In the field of symphonic music, Japan and Venezuela share many things. In a huge collective effort, Japan built a self-sufficient symphonic universe, filling the privileged space of great concert music in the modern cities that were rebuilt after the war. As Japanese high-precision metalwork and high-craftsmanship traditions faithfully reproduced and even improved all the European symphonic instruments, an outstanding team of professors created an educational system that would eventually bring Japan to the highest symphonic standards without compromising the character of their culture and their prodigious ancestral spirit.
Hideo Saito, mentor of the great Seiji Ozawa, founded the Toho Gakuen school in 1948 to start a youth symphony movement. Eleven years later, Ozawa won the great Besançon conducting prize, imposing his own radically different style, bustling with energy; a reinterpretation of the classics from the vital perspective of the culture that invented the most sophisticated martial arts. Almost a decade later, leading the superb New York Philharmonic in 1968, Ozawa premiered the Double Concerto for Biwa, Shakuhachi and Orchestra by Toru Takemitsu – one of the most important composers of the 20th century, creator of riveting soundtracks for Kurosawa. Ozawa and Takemitsu, working tightly together, managed to project the style and aesthetic complexity of Japan, universalizing them through the symphonic space, the cultural blending potential of which seems endless.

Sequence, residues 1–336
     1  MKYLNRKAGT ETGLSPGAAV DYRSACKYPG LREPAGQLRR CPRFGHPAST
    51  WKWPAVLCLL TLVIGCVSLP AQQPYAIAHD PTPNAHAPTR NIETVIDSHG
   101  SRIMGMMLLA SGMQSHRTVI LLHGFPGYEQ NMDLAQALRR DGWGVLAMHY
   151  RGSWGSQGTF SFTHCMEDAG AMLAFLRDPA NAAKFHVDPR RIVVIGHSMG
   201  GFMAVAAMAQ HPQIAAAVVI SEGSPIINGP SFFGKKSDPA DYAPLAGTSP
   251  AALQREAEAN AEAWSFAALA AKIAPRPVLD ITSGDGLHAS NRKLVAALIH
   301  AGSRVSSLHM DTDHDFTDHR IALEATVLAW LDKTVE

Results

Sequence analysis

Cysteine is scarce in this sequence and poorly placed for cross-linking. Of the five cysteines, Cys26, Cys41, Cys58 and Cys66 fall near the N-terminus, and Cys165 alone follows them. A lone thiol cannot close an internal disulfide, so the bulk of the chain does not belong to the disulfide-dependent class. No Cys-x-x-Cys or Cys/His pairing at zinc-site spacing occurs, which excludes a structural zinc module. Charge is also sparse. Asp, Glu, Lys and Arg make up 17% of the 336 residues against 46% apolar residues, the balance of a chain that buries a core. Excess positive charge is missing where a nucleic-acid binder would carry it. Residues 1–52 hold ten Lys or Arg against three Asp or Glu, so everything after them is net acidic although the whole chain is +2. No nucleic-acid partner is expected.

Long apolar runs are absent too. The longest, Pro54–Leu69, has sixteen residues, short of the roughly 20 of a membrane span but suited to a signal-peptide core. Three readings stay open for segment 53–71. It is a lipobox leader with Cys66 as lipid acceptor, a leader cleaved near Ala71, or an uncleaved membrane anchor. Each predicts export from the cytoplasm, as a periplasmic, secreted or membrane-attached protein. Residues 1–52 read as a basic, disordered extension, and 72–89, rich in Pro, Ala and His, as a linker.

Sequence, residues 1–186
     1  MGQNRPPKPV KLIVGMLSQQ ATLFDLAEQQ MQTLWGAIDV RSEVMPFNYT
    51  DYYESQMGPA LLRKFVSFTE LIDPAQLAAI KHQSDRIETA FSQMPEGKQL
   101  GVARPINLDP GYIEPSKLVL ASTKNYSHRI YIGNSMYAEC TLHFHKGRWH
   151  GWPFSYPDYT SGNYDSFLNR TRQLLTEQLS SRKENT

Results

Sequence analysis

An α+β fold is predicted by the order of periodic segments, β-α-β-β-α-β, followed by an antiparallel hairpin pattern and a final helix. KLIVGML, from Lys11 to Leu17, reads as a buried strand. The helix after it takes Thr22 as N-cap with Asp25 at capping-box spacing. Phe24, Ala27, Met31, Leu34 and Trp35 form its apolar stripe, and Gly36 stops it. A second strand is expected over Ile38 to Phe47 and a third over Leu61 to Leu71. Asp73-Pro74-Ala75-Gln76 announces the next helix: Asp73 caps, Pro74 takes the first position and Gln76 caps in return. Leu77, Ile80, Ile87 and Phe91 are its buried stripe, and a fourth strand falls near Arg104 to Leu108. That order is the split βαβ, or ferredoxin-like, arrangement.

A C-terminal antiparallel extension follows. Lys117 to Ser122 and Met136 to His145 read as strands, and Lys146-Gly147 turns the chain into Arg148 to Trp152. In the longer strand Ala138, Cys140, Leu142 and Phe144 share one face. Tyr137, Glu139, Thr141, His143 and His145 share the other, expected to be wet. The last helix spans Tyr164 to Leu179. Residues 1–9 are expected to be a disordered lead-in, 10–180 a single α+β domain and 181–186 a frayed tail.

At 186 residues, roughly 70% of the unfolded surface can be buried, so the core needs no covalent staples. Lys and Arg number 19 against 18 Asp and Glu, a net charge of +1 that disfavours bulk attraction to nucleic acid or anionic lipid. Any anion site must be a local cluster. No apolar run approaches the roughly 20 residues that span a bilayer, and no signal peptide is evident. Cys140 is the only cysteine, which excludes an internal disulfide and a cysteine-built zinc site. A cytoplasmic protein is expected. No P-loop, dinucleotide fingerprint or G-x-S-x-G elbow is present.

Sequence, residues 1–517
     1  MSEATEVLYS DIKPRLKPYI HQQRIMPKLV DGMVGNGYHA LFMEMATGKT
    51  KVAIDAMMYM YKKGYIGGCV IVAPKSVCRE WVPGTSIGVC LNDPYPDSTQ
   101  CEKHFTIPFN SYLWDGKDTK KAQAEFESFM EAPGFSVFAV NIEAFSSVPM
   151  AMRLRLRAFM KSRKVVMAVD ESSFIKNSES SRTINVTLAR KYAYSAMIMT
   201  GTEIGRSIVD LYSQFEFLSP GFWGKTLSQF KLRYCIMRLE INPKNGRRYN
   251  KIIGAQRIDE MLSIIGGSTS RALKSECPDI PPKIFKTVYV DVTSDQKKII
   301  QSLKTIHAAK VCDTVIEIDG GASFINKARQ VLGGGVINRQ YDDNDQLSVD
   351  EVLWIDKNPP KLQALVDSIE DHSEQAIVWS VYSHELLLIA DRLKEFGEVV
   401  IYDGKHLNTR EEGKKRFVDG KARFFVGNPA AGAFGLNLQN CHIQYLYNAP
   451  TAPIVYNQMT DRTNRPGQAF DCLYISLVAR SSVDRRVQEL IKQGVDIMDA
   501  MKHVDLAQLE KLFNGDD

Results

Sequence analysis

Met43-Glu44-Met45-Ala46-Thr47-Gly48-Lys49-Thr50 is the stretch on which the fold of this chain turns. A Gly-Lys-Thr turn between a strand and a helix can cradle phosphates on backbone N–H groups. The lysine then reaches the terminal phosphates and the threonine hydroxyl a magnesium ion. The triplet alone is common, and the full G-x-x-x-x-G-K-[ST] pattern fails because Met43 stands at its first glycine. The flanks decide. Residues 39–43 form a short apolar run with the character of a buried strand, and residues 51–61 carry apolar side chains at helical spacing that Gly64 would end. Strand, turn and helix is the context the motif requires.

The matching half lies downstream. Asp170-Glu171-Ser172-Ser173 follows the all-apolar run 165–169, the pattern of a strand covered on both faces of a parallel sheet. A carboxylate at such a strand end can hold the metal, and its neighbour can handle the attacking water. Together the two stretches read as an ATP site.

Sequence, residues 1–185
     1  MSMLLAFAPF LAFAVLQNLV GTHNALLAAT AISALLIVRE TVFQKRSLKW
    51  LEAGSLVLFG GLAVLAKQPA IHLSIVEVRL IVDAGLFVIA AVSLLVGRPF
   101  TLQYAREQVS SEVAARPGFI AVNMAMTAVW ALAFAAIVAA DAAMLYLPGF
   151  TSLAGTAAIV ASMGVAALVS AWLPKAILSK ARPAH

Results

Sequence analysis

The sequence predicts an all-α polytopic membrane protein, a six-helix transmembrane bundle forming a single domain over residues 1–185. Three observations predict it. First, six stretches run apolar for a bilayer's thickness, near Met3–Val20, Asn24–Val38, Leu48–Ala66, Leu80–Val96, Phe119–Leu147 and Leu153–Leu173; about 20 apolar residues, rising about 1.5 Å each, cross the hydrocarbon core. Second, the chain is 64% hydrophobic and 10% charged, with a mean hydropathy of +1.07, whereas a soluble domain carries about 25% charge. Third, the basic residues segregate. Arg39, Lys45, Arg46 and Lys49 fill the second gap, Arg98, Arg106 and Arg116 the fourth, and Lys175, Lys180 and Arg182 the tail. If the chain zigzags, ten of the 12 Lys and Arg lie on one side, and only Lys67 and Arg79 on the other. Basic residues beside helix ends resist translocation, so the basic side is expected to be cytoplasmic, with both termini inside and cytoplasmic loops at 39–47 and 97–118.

In 1984, to commemorate the 10th anniversary of the death of Maestro Saito, Ozawa founded the Saito Kinen Orchestra – a conglomerate of teachers and soloists that eventually formed the nucleus of a great annual festival dedicated to performing the music of Takemitsu after his death in 1996. Recently, the Saito Kinen Orchestra was guest of honor at the JapanNYC festival. The Orchestra’s troubles were rife – Maestro Ozawa, cured of the cancer that kept him from the podium for many months but weakened by other ailments, had to suspend several general rehearsals and even some of his performances. There were ominous rumors that this was the maestro’s final farewell.
Last week, I had the good fortune to hear him conduct at Carnegie Hall Berlioz’s Symphonie Fantastique, a steed he has ridden many a time since his 1959 French triumph. It exceeded perfection. The magical flute of Jacques Zoon (undoubtedly the world’s finest player), the sublime, impeccable singing horn of Radek Baborák, the voluptuous clarinet of Ricardo Morales. Immaculate soloists, so important to this work, articulated a fabulously colorful discourse over a flawless orchestra. The farewell of a colossus. Sad indeed, but at the door of Carnegie Hall a great surprise awaited me. Suddenly, I was greeted warmly by the gifted young Venezuelan conductor Diego Matheuz, Ozawa’s next special guest for the August 2011 Saito Kinen tour of Japan and China. These are not coincidences. As I was saying, Japan and Venezuela share many things.
Translated from Spanish by Rosemary Holland